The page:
Parvathy and Irrfan Khan are both good actors, but they cannot rise above the weak story.
The first ten minutes of Tanuja Chandra’s latest, Qarib Qarib Singlle, clearly lays out its methods and intentions. This segment introduces Jaya (Parvathy), a 35-year-old widow, who works in the health sector and lives by herself. The title and promos of the film indicate that this is a romantic comedy – about the frustration of being ‘single’ – with a twist; its protagonists, although single, aren’t young or falling in love for the time.
Qarib Qarib Singlle reinforces this through Jaya in its opening segment. The film opens with her attending a friend’s wedding: “Who knew I would find a husband through Tinder?” Jaya’s friend says, a customary reference to modern Indian dating in, well, a film on modern Indian dating. Once Jaya returns from the wedding, the film details the small moments in her life. She reads a book late in the night, while killing mosquitoes with an insect killer racket; she gets spooked by a lizard; she lounges aimlessly on a couch. Everything about these scenes, in the way they’re written and shot, spell that Jaya is alone. Later, when she reaches office, her colleague advises her to start dating; she tells her – or rather us – that Jaya hasn’t had sex in two years, and that, if she continues to be celibate, her virginity would return. You know where this is going, and what purpose this ‘set-up’ serves: to tell us that Jaya is single.
A few scenes later, before going on a date, a nervous and conscious Jaya rehearses her lines aloud, as if she’s a living a life not for herself but for the camera, for us. It is one thing for a character to be alone and single, and quite the other for the film to repeatedly hammer that, at the cost of her mannerisms looking fake and performative. Sure, cinema is make-believe and involves calculated manipulations, but the opening scenes of Qarib Qarib Singlle tell us that its protagonist’s life revolves around, and is dictated by, her most pronounced troubles at all times – as if people are only a sum-total of their problems. This isn’t just lazy writing, but exemplifies a poor understanding of life, and is quite common to Hindi films wanting to tiptoe the line between mainstream and indie cinema.
The problem with these films – the ones wanting to be both realistic and frothy – of which Qarib Qarib Singlle is a good example, is not that they are bad; it is that they could have been good. Even in portions where the forced authenticity of the film jars, Parvathy is an assuring presence. She makes her character funny, vulnerable, and relatable. But locked by unimaginative writing, she can only do so much. Things don’t improve with the introduction of another character either, Yogi (Irrfan), a 40-year-old consultant who has self-published six books of poetry.
Irrfan’s Yogi could have been a novel addition to this film, but he too is less of a character and more of a type: a man conventionally considered old to be romantic, someone who is unsophisticated, loud, and tries hard to be funny. In fact, Irrfan has himself played these roles before: once in the 2007 film Life in a… Metro and quite recently, earlier this year, in Hindi Medium. Given that Irrfan is a consummate and versatile performer, he nails his part; he is sassy, unpredictable, and frivolous. Yet, no matter how credible Irrfan’s performance is, it is difficult to shake off the feeling that Yogi, much like Jaya, is a contrived result of the screenwriters’ (Chandra and Gazal Dhaliwal’s) imagination. Yogi exists to serve as a foil to Jaya: she is restrained, he is in your face; she is dignified, he is loud; she is English, he is Hindi. It is a roundabout way of saying, “Men are from Mars, women are from Venus”; it’s a trope, and it has become tiring.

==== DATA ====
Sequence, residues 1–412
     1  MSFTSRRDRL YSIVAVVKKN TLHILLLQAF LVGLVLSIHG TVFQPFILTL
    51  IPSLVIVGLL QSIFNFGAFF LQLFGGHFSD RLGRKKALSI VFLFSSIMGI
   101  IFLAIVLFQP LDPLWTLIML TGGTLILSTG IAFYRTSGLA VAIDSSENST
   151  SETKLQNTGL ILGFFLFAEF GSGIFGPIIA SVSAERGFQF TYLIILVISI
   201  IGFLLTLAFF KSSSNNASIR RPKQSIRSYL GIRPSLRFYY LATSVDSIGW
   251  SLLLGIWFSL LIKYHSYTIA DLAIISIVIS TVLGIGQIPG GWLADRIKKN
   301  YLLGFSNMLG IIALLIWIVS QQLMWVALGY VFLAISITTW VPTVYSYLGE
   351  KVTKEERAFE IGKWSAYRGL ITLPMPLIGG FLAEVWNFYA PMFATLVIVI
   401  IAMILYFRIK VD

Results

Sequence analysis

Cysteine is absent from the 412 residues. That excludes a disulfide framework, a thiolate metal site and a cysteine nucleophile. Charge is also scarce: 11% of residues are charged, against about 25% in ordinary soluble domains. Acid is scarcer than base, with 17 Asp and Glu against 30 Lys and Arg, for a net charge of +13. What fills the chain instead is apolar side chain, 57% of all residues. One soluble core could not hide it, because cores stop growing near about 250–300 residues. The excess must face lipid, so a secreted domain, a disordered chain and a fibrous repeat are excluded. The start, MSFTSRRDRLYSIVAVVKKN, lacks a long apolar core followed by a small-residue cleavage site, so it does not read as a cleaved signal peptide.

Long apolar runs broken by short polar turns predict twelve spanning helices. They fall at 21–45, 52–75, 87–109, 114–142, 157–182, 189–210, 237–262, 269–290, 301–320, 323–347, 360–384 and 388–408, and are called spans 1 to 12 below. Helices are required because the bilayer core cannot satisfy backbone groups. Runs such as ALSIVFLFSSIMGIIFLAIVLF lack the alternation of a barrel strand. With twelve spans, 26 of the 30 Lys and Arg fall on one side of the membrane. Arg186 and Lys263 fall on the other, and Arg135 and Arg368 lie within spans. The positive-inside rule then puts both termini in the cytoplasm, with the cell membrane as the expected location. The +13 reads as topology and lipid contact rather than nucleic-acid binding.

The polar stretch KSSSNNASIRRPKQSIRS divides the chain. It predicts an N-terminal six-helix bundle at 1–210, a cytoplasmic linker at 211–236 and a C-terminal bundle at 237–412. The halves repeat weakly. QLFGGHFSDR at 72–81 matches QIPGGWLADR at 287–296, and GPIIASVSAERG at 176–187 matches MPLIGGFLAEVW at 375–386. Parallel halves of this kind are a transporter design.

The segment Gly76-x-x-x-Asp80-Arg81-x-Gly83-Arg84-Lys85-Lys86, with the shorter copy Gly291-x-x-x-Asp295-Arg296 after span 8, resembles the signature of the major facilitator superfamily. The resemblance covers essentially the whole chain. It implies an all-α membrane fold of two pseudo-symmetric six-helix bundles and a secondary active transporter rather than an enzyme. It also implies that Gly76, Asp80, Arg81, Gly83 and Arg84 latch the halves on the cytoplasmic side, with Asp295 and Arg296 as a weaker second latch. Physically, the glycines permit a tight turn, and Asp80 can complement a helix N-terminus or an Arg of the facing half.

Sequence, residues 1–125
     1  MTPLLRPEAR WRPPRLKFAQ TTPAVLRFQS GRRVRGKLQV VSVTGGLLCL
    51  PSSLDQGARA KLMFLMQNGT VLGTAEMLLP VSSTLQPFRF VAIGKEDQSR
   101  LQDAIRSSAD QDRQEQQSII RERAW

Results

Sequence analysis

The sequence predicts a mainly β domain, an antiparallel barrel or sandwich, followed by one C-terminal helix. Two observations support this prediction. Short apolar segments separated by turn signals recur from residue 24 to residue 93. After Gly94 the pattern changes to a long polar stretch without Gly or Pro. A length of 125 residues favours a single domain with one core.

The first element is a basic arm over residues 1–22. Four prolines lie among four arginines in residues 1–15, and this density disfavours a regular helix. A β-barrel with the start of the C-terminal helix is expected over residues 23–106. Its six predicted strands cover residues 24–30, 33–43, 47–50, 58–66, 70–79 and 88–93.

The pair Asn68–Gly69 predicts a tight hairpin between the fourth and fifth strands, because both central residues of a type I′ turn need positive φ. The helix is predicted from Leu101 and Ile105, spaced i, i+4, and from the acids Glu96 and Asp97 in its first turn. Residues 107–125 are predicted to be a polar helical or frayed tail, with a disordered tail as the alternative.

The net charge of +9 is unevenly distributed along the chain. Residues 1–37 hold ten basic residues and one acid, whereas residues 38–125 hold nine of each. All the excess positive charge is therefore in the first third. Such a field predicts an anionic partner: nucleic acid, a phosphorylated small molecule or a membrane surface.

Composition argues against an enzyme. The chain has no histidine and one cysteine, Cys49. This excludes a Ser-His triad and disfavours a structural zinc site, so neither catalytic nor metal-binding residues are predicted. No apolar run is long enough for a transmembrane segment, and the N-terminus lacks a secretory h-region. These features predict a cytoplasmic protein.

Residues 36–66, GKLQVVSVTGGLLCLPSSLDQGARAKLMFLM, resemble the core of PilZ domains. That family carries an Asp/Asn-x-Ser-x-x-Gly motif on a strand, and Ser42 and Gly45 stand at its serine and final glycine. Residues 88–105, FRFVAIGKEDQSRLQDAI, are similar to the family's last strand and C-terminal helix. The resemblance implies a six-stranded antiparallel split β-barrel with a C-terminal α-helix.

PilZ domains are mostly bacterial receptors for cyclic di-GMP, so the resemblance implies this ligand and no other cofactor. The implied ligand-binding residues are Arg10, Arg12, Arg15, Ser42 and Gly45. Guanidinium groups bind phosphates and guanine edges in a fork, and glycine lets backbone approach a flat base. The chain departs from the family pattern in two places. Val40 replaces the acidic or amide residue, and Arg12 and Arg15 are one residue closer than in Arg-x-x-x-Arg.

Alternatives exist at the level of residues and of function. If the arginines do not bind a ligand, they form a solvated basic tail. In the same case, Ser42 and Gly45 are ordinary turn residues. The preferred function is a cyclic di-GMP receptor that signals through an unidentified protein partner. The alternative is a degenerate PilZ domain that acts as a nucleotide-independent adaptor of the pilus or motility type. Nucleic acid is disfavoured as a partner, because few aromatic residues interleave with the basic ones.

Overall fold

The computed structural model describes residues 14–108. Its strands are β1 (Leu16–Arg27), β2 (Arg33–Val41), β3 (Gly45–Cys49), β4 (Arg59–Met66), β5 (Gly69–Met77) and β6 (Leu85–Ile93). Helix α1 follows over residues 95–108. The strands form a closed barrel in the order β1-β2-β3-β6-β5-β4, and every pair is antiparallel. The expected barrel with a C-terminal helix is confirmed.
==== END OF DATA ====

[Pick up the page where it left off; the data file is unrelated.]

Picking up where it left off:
But even if you want to forgive or, for the large part, forget the film’s method, its lack of story is really off-putting. Early in the film, when the protagonists are just getting to know each other, having gone on a few dates, Jaya says casually that Yogi keeps mentioning his ex-girlfriends; she finds it hard to believe that, even after all these years, they pine for him. To which Yogi proposes a plan: of going on a vacation to meet his exes who live in different parts of the country (Rishikesh, Alwar, and Gangtok). Jaya puts up a feeble protest but agrees rather quickly. There’s nothing about Jaya, and her relationship with Yogi, that convinces us of her decision. This plot point feels forced, ridiculous, and random, something that seems planted in the movie for the sake of giving it a story. And that is the biggest undoing of Qarib Qarib Singlle: that you can see the hands of the puppet-masters, that you can (almost) see Chandra and Dhaliwal watching this story from the outside.
A large portion of the film revolves around the conversations between Yogi and Jaya. Yet the film does precious little to flesh out their individual characters. We don’t know who they are, what they want, why they do what they do – except that, for some reason, they have fallen for each other. It’s a little too easy, a little too superficial. The film is saved to some extent by its humour, brought alive by sharp whimsy dialogues and scenes reveling in absurdities of life. But the main problem of Qarib Qarib Singlle is that it can’t not look at itself. It knows that it is essentially a romantic drama where the leads will come together at the end after overcoming indecision and miscommunication. Qarib Qarib Singlle’s story though doesn’t organically produce such a conflict, so Chandra and Dhaliwal invent one, and it looks silly and forced, making the film’s dénouement predictable. And that is the most disappointing bit about this film: that even its failures are run-of-the-mill and forgettable.